A policy is a set of rules that governs the behavior of a service. Policy-enablement empowers users to read, write, and manage these rules without needing specialized development or operational expertise. When your users can implement policies without recompiling your source code, then your service is policy enabled.
All organizations have policies. Policies are essential to the long-term success of organizations because they encode important knowledge about how to comply with legal requirements, work within technical constraints, avoid repeating mistakes, and so on.
In their simplest form, policies can be applied manually based on rules that are written down or conventions that are unspoken but permeate an organization’s culture. Policies may also be enforced with application logic or statically configured at deploy time.
Policy-enabled services allow policies to be specified declaratively, updated at any time without recompiling or redeploying, and enforced automatically (which is especially valuable when decisions need to be made faster than humanly possible). They make deployments more adaptable to changing business requirements, improve the ability to discover violations and conflicts, increase the consistency of policy compliance, and mitigate the risk of human error.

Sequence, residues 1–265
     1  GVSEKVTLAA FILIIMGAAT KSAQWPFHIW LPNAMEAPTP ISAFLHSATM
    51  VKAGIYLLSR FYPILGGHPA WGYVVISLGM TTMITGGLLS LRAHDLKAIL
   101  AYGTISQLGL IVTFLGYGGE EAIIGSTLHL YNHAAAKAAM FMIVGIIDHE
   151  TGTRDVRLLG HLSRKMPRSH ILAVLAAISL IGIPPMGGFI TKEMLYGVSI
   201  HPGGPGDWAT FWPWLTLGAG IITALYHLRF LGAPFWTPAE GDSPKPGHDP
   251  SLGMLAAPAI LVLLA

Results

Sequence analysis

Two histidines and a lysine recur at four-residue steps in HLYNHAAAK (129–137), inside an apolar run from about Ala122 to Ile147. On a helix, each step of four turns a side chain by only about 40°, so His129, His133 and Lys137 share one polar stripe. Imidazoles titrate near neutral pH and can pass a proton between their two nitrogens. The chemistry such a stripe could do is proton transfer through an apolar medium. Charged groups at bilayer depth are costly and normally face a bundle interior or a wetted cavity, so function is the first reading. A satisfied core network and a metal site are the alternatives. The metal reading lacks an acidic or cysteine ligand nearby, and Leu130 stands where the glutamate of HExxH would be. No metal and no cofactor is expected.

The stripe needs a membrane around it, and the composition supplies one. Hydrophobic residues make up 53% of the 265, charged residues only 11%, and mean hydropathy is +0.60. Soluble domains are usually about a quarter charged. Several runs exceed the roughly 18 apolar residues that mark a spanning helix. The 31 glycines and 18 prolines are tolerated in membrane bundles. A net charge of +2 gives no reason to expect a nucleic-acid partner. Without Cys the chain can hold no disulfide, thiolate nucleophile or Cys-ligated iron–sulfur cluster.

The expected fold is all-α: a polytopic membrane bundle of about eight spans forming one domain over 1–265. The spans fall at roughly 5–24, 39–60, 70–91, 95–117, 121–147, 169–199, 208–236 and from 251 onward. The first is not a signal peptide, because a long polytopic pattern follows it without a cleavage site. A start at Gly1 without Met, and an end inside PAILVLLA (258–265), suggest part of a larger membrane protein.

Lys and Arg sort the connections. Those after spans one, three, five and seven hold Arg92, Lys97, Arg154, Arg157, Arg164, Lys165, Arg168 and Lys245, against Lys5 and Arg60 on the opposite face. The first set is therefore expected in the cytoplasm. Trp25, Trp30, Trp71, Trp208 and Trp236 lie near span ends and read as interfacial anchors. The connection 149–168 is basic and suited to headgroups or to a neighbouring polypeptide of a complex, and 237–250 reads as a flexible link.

A policy-enabled service is able to answer questions by comparing relevant input from its environment to policy statements written by administrators. For example, a cloud computing service could answer questions such as:
- Can I add compute capacity?
- In what regions can I add compute capacity?
- Which instances are currently running in the wrong region?
OPA is a lightweight general-purpose policy engine that can be co-located with your service. You can integrate OPA as a sidecar, host-level daemon, or library.
Services offload policy decisions to OPA by executing queries. OPA evaluates policies and data to produce query results (which are sent back to the client). Policies are written in a high-level declarative language and can be loaded into OPA via the filesystem or well-defined APIs.